Tuesday, June 17, 2008

Review: Kingdom of Heaven

I thought I'd repost a film review I wrote way back in May 2005 on the sort of historical movie "Kingdom of Heaven" which, whilst exciting in many ways, did not necessarily give us a good understanding of the period. I've made a couple of small alterations but have essentially left the text as it was.

A for intentions, but shaky on the facts

Yeah, yeah, I know - it's a film not a historical text book. I'm okay with that - I really am.

So the hero of the film has about as much in common with his real life counter part as chalk with cheddar. So they miss out an entire King - I'm really not too worried if the odd King gets dropped from history - after all if you owe your place in history to who gave birth to you then you can't complain if someone wants to scrub you out of their Hollywood blockbuster can you? So there were a lot of explosions for the 1100's - you've got to admire the sheer chutzpah of Ridley Scott for giving Saladin's armies industrial strength fire power.

But there were some historical inaccuracies that I was less comfortable with frankly - and some I thought were quite misguided, but any hoo you'll see why, let's go back a bit first.

Kingdom of Heaven is Orlando Bloom's first big budget film where he plays the leading role. As a film it all rests on his ability to convince us that he is a God fearing, newly promoted knight in the Holyland capable of holding his own against the strongest and the toughest and able to valiantly lead armies to heroic defeat, twice.

Hmmm. Leaving aside the fact that I reckon my Mum punches harder than Orlando Bloom I couldn't help but feel a little wary of how Hollywood might decide to take on the Crusades in the current climate. Well, on that score I was pleasantly surprised. Kingdom of Heaven is a liberal anti-war propaganda film. It takes on hereditary peerages (easy target?), bigotry, Islamophobia, the greed of the rich and the dishonour of the war mongers. It even takes on the hypocrisy of organised religion. Nice one. A for the intentions of the film makers.

So why the grumpy start to the review? Well, I'll tell you.

Partly it's simply because as a story its clunky. Full of flawed explanations and character sketches. Every time it makes a worthy stab at making a progressive point it either does so in a heavy handed way or a way completely unsuitable to the setting of the Middle East in the twelfth century. I'm genuinely not a stickler for historical accuracy, stories have their own logic that should take priority over anything inconvenient like facts, but an important part of story telling is plausibility.

Balian (Orlando Bloom) is a tragic hero, whose wife commits suicide and feels deserted by God. One of the bravest themes to this film is the discussion of the Grace of God and redemption - in the religious rather than filmic sense. This is a strong theme but completely undermined by the pointlessly tacked on (as always) love story. Orlando has all this 'inner conflict' and 'searching for redemption' due to his strong moral convictions and grief for his wife - does it then make sense for him to shag someone else's misses just because he fancies her?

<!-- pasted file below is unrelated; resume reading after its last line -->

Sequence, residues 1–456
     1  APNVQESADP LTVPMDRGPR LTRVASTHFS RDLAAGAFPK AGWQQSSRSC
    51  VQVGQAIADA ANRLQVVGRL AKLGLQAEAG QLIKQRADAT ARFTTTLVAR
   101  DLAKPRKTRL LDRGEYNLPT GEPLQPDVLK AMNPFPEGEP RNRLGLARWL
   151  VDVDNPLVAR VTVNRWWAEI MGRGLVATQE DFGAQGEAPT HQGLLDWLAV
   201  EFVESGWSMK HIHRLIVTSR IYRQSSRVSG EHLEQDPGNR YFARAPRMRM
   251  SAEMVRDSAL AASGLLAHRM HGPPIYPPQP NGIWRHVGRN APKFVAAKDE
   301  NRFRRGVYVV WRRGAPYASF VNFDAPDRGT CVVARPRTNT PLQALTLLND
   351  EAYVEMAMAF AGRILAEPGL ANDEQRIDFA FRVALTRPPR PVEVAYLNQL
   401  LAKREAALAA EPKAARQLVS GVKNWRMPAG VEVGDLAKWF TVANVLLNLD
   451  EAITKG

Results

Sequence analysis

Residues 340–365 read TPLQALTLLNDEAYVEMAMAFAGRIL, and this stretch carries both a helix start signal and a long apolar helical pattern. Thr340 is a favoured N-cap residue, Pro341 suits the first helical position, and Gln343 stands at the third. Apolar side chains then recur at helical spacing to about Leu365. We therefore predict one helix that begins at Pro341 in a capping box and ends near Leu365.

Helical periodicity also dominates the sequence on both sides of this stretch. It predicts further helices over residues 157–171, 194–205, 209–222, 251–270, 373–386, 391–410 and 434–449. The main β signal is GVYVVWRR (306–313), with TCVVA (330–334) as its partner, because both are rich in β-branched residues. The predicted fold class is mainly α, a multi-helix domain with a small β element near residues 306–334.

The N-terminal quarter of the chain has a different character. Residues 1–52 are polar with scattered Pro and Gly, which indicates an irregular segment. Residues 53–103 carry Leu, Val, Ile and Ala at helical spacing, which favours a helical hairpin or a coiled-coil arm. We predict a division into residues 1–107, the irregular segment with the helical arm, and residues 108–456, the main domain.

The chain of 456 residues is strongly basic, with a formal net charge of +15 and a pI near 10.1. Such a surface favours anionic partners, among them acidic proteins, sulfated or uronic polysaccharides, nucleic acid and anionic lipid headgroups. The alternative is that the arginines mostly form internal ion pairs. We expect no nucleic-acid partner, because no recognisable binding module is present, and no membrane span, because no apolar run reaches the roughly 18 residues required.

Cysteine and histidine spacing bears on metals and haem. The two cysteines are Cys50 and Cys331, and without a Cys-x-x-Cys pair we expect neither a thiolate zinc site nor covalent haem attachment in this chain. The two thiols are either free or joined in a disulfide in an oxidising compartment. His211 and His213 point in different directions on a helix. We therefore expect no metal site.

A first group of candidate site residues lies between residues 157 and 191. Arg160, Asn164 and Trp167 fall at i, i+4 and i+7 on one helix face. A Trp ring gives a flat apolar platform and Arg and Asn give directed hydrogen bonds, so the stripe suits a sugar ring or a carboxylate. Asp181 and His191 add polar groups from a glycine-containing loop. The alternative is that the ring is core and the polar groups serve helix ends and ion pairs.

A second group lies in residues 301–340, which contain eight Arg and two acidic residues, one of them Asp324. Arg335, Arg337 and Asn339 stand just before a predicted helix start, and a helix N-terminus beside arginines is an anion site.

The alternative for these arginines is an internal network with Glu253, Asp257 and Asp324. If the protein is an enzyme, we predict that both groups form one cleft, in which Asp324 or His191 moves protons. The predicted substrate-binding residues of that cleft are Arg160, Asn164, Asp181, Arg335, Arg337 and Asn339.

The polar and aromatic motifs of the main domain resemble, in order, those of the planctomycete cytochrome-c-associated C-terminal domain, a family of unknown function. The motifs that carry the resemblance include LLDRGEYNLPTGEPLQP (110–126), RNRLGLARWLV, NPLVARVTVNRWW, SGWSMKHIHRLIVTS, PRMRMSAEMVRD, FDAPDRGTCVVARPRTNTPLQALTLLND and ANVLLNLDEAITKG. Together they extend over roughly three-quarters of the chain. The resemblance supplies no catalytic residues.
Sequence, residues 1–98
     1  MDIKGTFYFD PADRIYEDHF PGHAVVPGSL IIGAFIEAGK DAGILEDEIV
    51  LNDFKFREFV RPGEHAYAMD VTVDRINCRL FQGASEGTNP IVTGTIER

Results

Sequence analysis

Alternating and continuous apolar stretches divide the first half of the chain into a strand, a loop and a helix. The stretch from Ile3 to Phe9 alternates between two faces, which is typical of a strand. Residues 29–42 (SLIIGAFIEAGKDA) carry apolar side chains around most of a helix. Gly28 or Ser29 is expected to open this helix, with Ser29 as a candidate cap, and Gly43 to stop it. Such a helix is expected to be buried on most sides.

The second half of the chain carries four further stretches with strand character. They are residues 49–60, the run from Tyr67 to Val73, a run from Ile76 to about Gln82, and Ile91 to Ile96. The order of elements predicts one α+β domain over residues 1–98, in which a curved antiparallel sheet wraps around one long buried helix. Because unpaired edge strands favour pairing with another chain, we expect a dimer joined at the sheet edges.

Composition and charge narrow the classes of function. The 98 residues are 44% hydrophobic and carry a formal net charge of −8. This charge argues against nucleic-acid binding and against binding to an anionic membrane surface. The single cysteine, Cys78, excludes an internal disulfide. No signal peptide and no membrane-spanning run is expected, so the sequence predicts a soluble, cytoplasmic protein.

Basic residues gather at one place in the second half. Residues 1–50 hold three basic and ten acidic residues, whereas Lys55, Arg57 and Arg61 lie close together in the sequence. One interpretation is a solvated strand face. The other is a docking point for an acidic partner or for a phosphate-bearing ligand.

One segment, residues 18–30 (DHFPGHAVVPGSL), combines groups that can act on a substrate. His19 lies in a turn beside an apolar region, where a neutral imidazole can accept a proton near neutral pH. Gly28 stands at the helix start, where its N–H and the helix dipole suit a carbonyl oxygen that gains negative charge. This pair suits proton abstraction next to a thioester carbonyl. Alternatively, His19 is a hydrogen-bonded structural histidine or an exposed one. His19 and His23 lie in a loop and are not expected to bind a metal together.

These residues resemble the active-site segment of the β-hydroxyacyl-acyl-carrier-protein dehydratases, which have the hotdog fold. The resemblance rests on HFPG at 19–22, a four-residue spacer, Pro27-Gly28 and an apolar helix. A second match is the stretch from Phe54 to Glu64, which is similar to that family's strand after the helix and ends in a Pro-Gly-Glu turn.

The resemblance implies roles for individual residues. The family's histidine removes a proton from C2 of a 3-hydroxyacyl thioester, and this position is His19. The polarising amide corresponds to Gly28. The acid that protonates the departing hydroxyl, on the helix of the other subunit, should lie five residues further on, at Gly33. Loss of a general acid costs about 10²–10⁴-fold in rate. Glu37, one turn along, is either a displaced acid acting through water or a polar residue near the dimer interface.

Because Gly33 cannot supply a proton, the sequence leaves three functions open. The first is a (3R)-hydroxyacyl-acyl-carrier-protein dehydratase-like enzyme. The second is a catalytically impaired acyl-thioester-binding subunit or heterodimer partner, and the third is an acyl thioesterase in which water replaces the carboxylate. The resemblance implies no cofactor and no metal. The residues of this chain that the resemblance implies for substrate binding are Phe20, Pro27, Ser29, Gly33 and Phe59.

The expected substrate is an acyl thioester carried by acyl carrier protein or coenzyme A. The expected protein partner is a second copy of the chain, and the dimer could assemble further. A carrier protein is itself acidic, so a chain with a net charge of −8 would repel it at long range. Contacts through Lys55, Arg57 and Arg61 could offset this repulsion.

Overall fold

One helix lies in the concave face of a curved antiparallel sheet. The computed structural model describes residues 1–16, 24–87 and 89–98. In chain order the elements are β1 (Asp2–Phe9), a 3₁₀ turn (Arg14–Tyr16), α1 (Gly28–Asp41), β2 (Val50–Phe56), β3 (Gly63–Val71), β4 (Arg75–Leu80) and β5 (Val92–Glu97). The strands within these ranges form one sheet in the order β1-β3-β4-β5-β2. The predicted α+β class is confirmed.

Whilst the moronic Hollywood formula might insist on a certain number of seconds of leading actor's bum the character he played would not have operated within the same moral framework of a twenty first century liberal. He would not have fallen in love with and then had sex with another man's wife without understanding he was committing a sin.

Which leads me onto a second, even bigger, grumble. The object of his affections (Eva Green) was 'based' upon a woman who, in real life, became the Queen of Jerusalem. The real life character was an energetic political player, talented, wicked and loyal to her husband (as it happens), Guy de Lusignan, who she manoeuvred into powerful political positions against the wishes of many at court. To downplay this strong historical politician into an eyelash batting love interest and deny her any real agency of her own, beyond what the men in the film choose for her is, frankly, sexist in the extreme and a real missed opportunity. Sorry to bring that up. She is very pretty though, in a conventional, bland sort of way.

Slightly more positively, the portrayal of Muslims as people with honour does not, as some reviewers have suggested, imply that Muslims were saints - there are plenty of faults on view too but it does redress the balance. Most portrayals of Islam over this period have been of a people bordering on savagery. The facts are that, at this time, Middle Eastern society was more cultivated and had a more robust code of ethics than the European robber barons and that they might have had some legitimate grievance when they objected to their lands being invaded by a bunch of racist psychopaths and subjected to robbery, murder and pillage.

These are simple facts and not an attempt to paint Muslims as anything other than human beings who wanted to live their lives, shock. In this I think the film is both very welcome, timely and accurate - whilst some have suggested that Saladin was not evil enough in the film I'm really puzzled by this criticism. Saladin is played, correctly, as an intelligent and urbane dictator. Likable but cruel. Ruthless in war, but cunning rather than blood thirsty for the sake of it. Some of the Europeans at the time cannot be described in this way. The Pope had given Crusaders carte blanche to commit whatever sin they choose and fear no reprisals in the after life, as they were doing "God's work", and many seized the opportunity with both hands

In the film Saladin personally beheads a prisoner for rudeness (the incident is factually accurate of course) which does rather imply that those who are complaining that Saladin is portrayed as a crochet loving old lady who helps with meals on wheels are wide of the mark. Just because he doesn't feast on the still warm corpse does not mean he is portrayed as a saint.